Ohio's Legislature also used its lame-duck session to attack women's rights, introducing a very restrictive abortion law—which, fortunately, was withdrawn. But in Mississippi, the state is defending a newly passed TRAP law designed to close the only remaining abortion clinic in the state (see page 16). And in Texas, a law that went into effect earlier this year is preventing Planned Parenthood— because it provides abortion services— from receiving any funding from the new Texas Women's Health Program, even though the health-care provider's services other than abortion aid some 50,000 women.

Clearly, the message of the gender gap and feminist factor weren't heard in Virginia, either. That state is in the process of implementing its new TRAP law, which the Republican anti-choice governor signed in late December, even though state voters favored President Obama and prochoice Democratic Senate candidate Tim Kaine (Kaine's gender gap was 7 percent, by the way). This action by the state just continues the extreme anti-abortion and anti-family-planning measures that seemed to dominate the Virginia Legislature in 2012.

FOURTH We must help build upon the wins in the equal-marriage movement for gay men and lesbians. Feminists were thrilled that four states voted in favor of same-sex marriage (with the gender gap being decisive in each state), and we eagerly await the outcome of the Supreme Court cases concerning the Defense of Marriage Act (DOMA) and California's Proposition 8 (see page 14). But, of course, we can't become complacent, and must still work to make equal marriage available in all 50 states.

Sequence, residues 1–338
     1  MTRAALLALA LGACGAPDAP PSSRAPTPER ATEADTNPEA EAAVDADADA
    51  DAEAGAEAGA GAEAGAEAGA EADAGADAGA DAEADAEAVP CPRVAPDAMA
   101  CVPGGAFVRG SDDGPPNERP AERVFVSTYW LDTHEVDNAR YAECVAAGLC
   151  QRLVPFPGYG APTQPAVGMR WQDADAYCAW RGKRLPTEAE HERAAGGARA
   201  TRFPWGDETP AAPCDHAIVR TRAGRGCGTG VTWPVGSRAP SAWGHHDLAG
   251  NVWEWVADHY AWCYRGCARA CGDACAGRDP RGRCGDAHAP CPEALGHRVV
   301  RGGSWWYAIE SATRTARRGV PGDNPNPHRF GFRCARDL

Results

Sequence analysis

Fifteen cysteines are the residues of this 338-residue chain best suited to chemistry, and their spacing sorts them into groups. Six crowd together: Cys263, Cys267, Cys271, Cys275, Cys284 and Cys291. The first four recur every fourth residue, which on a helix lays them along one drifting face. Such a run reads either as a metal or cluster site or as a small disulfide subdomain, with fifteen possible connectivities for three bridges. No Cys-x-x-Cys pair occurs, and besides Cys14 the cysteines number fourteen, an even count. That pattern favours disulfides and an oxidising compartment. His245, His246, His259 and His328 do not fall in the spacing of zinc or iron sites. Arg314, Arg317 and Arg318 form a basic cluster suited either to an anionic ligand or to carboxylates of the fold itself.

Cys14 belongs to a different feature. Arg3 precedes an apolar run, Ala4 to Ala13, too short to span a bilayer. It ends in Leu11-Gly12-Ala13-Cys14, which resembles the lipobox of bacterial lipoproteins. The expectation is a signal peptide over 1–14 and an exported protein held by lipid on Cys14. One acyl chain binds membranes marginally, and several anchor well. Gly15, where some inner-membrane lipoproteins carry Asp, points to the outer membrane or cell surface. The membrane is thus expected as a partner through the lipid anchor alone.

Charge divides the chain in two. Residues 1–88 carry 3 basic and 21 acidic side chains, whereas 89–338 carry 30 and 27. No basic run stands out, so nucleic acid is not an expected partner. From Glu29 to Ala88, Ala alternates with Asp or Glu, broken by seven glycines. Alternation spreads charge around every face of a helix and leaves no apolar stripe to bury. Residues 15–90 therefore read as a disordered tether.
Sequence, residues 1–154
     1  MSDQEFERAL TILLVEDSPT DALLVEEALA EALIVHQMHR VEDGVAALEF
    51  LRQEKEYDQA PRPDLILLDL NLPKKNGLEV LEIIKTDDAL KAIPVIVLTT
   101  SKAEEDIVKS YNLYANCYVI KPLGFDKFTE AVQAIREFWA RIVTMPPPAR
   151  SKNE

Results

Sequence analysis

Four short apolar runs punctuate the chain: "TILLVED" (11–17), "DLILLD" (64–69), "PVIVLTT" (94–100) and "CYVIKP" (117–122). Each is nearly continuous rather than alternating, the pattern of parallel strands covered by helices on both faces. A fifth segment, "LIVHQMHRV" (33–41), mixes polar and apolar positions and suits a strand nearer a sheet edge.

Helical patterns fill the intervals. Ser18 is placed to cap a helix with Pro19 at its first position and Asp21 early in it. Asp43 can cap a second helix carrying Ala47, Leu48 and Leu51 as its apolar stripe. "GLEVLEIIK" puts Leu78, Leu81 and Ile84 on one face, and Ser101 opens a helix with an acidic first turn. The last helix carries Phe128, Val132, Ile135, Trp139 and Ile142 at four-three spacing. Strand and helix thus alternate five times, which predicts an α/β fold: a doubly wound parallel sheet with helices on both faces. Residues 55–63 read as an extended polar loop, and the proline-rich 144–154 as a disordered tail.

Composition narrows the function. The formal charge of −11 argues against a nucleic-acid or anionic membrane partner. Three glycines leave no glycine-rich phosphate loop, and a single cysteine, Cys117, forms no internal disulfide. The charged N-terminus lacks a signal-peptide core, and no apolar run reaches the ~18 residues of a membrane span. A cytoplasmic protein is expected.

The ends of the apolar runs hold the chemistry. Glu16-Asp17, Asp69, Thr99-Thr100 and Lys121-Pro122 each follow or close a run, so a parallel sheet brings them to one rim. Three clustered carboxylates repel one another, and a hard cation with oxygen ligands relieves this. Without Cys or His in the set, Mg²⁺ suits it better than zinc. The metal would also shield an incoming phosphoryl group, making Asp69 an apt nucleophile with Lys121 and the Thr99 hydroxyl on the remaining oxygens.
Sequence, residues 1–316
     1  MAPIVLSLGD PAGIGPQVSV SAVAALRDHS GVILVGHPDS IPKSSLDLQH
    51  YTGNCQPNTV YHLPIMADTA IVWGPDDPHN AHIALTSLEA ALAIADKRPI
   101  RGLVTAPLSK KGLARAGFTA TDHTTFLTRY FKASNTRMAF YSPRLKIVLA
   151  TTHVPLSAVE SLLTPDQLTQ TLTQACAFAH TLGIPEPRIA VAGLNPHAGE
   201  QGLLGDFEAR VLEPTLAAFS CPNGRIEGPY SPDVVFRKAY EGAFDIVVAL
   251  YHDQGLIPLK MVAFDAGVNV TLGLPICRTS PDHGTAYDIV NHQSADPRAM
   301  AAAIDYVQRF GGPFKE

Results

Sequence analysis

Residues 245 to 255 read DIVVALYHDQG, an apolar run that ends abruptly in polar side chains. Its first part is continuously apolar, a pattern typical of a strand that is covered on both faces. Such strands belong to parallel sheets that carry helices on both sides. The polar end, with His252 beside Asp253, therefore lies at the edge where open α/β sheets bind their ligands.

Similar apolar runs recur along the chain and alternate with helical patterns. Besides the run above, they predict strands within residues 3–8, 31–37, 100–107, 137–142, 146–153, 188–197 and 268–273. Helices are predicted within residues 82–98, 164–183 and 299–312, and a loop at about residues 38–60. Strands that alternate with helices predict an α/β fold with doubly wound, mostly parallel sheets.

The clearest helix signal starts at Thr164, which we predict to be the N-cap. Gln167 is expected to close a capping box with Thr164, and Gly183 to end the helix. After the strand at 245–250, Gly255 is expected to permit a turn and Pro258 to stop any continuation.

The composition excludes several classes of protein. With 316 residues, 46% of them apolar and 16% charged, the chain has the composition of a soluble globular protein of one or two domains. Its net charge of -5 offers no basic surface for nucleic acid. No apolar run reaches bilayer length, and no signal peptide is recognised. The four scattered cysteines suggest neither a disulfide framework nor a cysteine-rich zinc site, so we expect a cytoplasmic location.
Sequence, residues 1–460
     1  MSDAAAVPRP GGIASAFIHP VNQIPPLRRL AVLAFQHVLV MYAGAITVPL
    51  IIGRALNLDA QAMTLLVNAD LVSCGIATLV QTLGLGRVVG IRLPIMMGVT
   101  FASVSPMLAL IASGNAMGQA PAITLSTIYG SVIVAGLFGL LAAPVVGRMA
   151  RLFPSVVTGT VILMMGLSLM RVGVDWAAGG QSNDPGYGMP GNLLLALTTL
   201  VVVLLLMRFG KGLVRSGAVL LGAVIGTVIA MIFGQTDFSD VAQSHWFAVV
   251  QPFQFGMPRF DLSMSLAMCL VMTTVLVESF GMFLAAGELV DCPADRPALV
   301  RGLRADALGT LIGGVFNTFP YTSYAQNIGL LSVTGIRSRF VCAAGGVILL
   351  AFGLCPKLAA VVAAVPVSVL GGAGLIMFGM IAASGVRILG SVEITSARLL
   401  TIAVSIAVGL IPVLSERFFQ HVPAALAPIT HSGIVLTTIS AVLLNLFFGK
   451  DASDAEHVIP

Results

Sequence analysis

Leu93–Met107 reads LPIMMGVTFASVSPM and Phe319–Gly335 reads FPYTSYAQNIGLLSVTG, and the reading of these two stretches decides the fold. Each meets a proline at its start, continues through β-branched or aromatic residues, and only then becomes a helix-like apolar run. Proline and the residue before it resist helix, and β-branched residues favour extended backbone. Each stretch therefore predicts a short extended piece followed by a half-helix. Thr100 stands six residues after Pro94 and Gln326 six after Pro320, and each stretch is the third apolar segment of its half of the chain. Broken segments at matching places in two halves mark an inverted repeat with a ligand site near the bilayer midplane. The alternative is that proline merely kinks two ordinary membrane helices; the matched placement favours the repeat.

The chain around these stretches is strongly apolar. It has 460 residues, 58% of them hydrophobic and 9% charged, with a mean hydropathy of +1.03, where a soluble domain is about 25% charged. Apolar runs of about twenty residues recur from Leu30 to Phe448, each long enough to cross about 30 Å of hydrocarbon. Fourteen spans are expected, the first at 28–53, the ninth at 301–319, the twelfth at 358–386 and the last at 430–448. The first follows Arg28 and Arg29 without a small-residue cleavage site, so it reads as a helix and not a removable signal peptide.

FIFTH Feminists must seize the opening to push for more-stringent gun control. Considering the nationwide horror of the Sandy Hook massacre, there's probably no better time than now to bring this issue to congressional and state attention and support President Obama's gun-control initiatives. Too often women and children are the victims of gun violence, so it's no surprise that there is a massive gender gap on this issue, with women more strongly in favor of gun control. We cannot be ignored any longer on this issue: Enough is enough.

SIXTH We can't forget the women around the globe fighting against violence—from the girls in Pakistan such as Malala Yousafzai, battling the Taliban for the right to be educated; or the Pakistani women health-care workers assassinated just for doing their jobs; or Afghan girls and women bravely going to school and work or seeking health care despite threats and assassinations; or the women in India, victims of brutal gang rapes and facing everyday hostility.

One of the things we can do is work hard for the Senate to ratify the United Nations Convention on the Elimination of Discrimination Against Women (CEDAW) and pass the International Violence Against Women Act. It is disgraceful that the U.S. is one of only seven nations that has not ratified CEDAW, which requires a two-thirds vote, so the Democratic Senate must keep bringing it up until it is passed. The women of the world fighting horrific violence deserve our nation's full and unqualified support, and we feminists must demand it.

Finally, we'll keep pressing for the ratification of the Equal Rights Amendment to the U.S. Constitution. How can women and feminists accept anything less than full equality for women in the supreme law of our nation? Recognizing the power of the gender gap and the feminist factor, we can and must make it happen. Our strategy will be to increase cosponsors of the ERA in the new Congress and fight for its passage in the unratified states.

Full equality and full respect, nothing less and nothing more. We take that as the message of the 2012 elections as we continue to push forward.